I’m sure you’ve seen the term white paper around and maybe even read a few. A white paper is (usually) a report that identifies problems and how to resolve them. These are typically written by a commercial party with a vested interest. Their white papers will explain how a client solved X problem using their product or service.
If you’ve read any white papers, you likely realize they’re rather dry; written for high-level executives or parties who make purchasing decisions on a grand scale. Although most of us aren’t at that level to appreciate the proffered solution, white papers can be useful glimpses into constraints we may unknowingly introduce into the world of commerce. Understanding our buyer’s problems by reading white papers makes it easier to position ourselves to become a preferred supplier.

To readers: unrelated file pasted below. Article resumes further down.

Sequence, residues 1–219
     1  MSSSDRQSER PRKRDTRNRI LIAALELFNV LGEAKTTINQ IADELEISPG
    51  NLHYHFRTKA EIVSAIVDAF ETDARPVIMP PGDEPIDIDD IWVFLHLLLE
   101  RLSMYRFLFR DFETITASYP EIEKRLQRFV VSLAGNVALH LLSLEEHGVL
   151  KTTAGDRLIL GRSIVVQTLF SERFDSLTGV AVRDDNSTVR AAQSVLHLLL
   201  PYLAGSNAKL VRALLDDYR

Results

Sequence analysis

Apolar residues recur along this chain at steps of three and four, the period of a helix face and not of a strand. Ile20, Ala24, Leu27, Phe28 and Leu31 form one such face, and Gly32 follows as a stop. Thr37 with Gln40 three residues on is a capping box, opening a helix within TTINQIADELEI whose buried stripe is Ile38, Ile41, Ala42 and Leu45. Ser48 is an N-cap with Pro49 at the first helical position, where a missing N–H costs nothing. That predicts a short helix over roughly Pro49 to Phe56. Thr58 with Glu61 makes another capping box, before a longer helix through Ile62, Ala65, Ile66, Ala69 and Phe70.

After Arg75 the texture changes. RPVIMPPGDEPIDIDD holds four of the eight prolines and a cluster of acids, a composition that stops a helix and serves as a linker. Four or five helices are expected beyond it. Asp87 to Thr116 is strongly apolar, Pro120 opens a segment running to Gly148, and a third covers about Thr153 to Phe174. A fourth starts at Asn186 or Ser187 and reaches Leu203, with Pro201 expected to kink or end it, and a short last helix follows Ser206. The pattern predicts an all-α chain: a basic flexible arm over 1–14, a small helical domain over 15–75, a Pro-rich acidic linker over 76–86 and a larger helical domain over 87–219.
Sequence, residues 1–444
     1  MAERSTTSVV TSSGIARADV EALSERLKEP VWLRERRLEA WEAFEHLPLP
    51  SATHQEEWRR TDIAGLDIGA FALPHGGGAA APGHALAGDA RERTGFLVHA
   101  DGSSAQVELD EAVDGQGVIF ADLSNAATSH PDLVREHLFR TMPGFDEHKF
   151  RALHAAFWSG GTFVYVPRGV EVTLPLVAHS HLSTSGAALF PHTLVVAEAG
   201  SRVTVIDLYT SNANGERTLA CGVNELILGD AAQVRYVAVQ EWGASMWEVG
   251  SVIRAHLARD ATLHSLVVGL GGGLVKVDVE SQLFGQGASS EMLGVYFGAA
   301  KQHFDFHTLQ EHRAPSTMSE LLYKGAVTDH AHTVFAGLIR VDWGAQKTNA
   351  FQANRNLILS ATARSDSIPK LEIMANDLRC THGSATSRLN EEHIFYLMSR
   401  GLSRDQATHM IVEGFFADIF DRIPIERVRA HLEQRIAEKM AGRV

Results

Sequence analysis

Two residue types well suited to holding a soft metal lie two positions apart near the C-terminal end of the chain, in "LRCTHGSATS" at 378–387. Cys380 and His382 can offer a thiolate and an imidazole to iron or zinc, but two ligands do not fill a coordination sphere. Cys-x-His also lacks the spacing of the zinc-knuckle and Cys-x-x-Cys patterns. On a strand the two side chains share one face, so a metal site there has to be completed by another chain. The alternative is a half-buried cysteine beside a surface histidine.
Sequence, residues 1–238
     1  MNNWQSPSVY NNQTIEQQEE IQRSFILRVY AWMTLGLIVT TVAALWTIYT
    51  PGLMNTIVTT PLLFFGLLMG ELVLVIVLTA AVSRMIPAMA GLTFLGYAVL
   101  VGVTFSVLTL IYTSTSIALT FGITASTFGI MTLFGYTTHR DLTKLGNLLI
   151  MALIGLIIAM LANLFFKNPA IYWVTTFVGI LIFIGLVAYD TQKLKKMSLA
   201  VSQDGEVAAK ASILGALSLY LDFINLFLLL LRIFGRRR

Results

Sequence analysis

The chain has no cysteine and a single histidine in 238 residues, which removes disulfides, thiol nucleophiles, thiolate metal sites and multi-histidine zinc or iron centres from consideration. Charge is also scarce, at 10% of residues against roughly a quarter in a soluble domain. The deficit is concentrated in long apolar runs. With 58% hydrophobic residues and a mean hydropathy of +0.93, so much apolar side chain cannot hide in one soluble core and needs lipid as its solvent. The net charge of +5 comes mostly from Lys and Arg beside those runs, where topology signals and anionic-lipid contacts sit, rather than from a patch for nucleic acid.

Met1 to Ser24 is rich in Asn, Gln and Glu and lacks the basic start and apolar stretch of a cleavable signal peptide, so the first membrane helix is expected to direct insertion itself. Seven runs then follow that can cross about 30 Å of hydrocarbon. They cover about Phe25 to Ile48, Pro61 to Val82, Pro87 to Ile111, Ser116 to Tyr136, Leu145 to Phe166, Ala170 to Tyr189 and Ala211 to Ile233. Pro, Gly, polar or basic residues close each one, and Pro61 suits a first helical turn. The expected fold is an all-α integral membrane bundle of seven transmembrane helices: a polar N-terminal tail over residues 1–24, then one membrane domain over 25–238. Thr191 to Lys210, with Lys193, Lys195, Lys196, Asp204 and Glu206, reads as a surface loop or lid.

For example -the inspiration for today’s glossary entry- is a white paper called Effective Planning Essential for inbound Shipments from Descartes, a logistics management company. Those who are perplexed or frustrated by the fulfillment policies of brick and mortar stores should read or at least scan it to gain an understanding of the conflicts and problems associated with the receipt and processing of orders you ship to buyers. Consider:
Online Appointment Scheduling. The vast majority of dock appointments are now requested and booked online by suppliers and an estimated 500 carriers. Faxed requests are also keyed in the system to ensure complete visibility. Inbound coordinators can prioritize shipments, refuse carrier requests, or configure prioritization rules and constraints to automate the scheduling process.
Realizing that the party receiving your goods may have 500 other parties attempting to deliver goods too, certainly puts another spin to it. In other words, if your buyers need a solution from a company like Descartes, you can understand why their fulfillment policies are so strict and why they’d reasonably expect you to have a lower tier product like EDI to work hand in hand with their processing systems. It’s not that stores are being mean to you, it’s that many don’t have the infrastructure to work with anything less.